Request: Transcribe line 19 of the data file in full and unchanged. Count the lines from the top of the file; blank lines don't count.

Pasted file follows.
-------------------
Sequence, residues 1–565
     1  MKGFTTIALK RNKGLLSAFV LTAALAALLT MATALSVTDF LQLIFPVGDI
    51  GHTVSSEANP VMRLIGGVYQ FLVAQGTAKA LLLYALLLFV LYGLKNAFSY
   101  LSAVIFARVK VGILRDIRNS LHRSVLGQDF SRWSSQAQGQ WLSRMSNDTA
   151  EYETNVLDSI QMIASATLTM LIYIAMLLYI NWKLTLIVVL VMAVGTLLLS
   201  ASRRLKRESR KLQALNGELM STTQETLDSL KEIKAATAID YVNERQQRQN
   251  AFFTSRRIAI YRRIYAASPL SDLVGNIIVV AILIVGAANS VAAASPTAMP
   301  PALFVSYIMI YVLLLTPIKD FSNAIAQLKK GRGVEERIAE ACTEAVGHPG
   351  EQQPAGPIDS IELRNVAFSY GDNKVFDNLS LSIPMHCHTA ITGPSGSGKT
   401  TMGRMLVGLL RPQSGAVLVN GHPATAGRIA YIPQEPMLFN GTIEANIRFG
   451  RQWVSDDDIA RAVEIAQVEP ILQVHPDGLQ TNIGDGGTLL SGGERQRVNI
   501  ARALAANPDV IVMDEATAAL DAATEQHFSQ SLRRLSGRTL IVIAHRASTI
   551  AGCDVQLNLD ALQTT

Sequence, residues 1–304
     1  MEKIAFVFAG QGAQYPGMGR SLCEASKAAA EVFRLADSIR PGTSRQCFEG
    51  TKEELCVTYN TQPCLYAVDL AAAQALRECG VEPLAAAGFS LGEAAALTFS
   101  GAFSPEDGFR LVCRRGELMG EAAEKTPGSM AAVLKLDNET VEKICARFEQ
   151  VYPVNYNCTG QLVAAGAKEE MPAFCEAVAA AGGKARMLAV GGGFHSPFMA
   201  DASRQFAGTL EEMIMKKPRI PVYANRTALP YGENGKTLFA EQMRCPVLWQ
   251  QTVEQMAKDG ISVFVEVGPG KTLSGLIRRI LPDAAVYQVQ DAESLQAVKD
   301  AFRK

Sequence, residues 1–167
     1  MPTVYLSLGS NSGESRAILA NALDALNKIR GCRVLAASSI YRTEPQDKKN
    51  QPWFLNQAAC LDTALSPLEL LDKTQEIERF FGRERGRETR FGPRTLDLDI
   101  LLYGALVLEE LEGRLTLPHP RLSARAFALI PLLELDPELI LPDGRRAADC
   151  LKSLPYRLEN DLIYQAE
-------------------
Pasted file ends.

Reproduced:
   201  DASRQFAGTL EEMIMKKPRI PVYANRTALP YGENGKTLFA EQMRCPVLWQ